Evidence Review Process - ESRA

Evidence Review Process

The initial Prospect procedure-specific review for thoracotomy was completed in 2008, and is now archived on the Prospect website. This update consists of a literature search covering any peer-reviewed paper published between the years 2008 and 2015, inclusive.

Following the Cochrane Collaboration convention for a systemic review and in line with the Prospect Methodology for performing a procedure-specific review, a literature search of the Medline, Embase and Cochrane databases was conducted using the following search terms.

750 manuscripts were initially retrieved for the review; after preliminary screening 696 were excluded – mainly because they were not written in the English language. Or were concerned with chronic pain syndromes, or consisted only of case reports or had no objective pain scoring in the trial.

55 manuscripts were included; 49 were prospective randomised controlled studies and had a specific patient study group for thoracic surgery; 6 were meta-analyses.

Following the data analysis, the information was collated into pre-, intra-, and post- operative phases and compared with the existing recommendations from the original review. Where appropriate, the existing recommendations remained unchanged if there was no new data, strengthened where new data supported the existing, or removed if the new data contradicted the earlier recommendations.

The summary recommendations are listed separately. Recommendations from the initial review that were contraindicated by the new review have been removed but will still be available, for comparison, in the archived review.

An explanation of PROSPECT methodology and Working Group processes can be found at the following link: PROSPECT methodology primer

For the Thoracotomy review, the Subgroup members were:

• Professor Francis Bonnet (PROSPECT Working Group member)
• Ludric Popof
• Jessica Pessayre

  • Systematic review of the literature from [2008-2015] using MEDLINE and EmBASE, following the protocol of the Cochrane Collaboration
  • Inclusion of randomised/controlled studies assessing analgesic, anaesthetic or operative techniques in Thoracotomy and reporting pain assessment, required analgesia or adverse events (Thoracotomy: Search strategy)
  • 55 studies included; 49 randomised controlled trials and 6 meta-analyses (Thoracotomy: Included Studies)
  • 696 studies excluded after full-text screening (Thoracotomy: Excluded studies)
  • The most common reason for exclusion was mainly because they were not written in the English language, or were concerned with chronic pain syndromes, or consisted only of case reports or had no objective pain scoring in the trial Study quality assessments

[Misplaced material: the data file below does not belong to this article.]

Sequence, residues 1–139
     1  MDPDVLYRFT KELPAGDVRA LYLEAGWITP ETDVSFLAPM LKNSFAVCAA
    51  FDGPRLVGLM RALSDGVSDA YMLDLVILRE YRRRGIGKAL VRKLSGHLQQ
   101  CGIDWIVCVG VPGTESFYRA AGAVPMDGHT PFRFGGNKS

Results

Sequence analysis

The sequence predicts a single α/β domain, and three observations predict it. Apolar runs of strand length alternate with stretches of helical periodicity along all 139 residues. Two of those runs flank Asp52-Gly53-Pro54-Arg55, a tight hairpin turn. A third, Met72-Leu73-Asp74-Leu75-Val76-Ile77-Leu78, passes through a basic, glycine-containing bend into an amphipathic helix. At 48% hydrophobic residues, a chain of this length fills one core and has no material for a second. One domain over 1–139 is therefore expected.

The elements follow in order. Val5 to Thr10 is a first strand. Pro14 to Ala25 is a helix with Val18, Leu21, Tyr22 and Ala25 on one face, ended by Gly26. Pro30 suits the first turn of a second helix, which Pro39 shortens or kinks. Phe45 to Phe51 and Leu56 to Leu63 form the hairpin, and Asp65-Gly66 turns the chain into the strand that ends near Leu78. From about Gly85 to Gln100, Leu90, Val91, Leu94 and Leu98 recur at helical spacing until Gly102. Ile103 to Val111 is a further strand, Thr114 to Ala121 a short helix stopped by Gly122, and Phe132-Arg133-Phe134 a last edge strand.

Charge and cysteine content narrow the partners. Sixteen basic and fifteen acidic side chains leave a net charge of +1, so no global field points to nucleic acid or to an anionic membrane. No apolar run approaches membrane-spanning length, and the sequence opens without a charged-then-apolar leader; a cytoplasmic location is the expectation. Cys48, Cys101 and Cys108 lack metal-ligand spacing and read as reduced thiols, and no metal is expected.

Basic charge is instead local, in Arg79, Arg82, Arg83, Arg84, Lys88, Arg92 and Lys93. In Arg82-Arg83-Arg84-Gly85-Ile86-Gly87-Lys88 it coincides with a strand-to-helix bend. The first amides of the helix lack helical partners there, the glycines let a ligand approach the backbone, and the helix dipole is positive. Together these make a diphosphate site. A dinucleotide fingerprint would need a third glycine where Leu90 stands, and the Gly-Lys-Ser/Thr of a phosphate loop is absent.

Thoracotomy: Sources and levels of evidence (LoE) determine the Grades of Recommendation (GoR)

GoR are assigned according to the overall LoE, which is determined by the quality of studies cited, the consistency of evidence and the source of evidence:

Thoracotomy: levels of evidence and GoRs of recommendation

Sources of evidence in PROSPECT

The evidence for prospect is derived from three separate sources, and this evidence is taken into consideration by the prospect Working Group to determine the prospect recommendations:

  • Procedure-specific evidence derived from the systematic reviews of the literature
  • Current practice – A commentary on the interventions from the members of the prospect Working Group
  • Practical PROSPECT recommendations are based on all the information

Study quality assessment

For the Thoracotomy review, the quality of procedure-specific evidence has been assessed according to NICE methodology, to determine the possibility of selection bias, performance bias, attrition bias and detection bias (http://www.nice.org.uk/article/pmg6b).

Quality indicators used to determine the LoE of individual studies:

  • Allocation concealment: indicates whether there was adequate prevention of foreknowledge of treatment assignment by those involved in recruitment (in the table below, A=adequate, B=unclear, C=inadequate, D=not used). Empirical research has shown that trials with inadequate or unclear allocation concealment report significantly greater estimates of treatment effect than those trials in which concealment was adequate (Chalmers 1983, Schulz 1995, Moher 1998). Allocation concealment was found to be more important for preventing bias than other aspects of study quality, such as generation of the allocation sequence and double-blinding (Chalmers 1983, Schulz 1995, Moher 1998, Higgins and Green 2005, http://handbook.cochrane.org/)
  • Statistical analyses and patient follow-up: indicates whether statistical analyses were reported, and whether patient follow-up was greater or less than 80%.
  • Numerical scores (total 1–5) for study quality: assigned using the method proposed by Jadad 1996, to indicate whether a study reports appropriate randomisation, double-blinding and statements of possible withdrawals. Empirical research found that low-quality trials were associated with an increased estimate of treatment benefit compared with high-quality trials (Moher 1998)

Quantitative analyses

No meta-analyses were performed due to a limited number of studies of homogeneous design that reported similar outcome measures. Therefore, the procedure-specific evidence was only assessed qualitatively.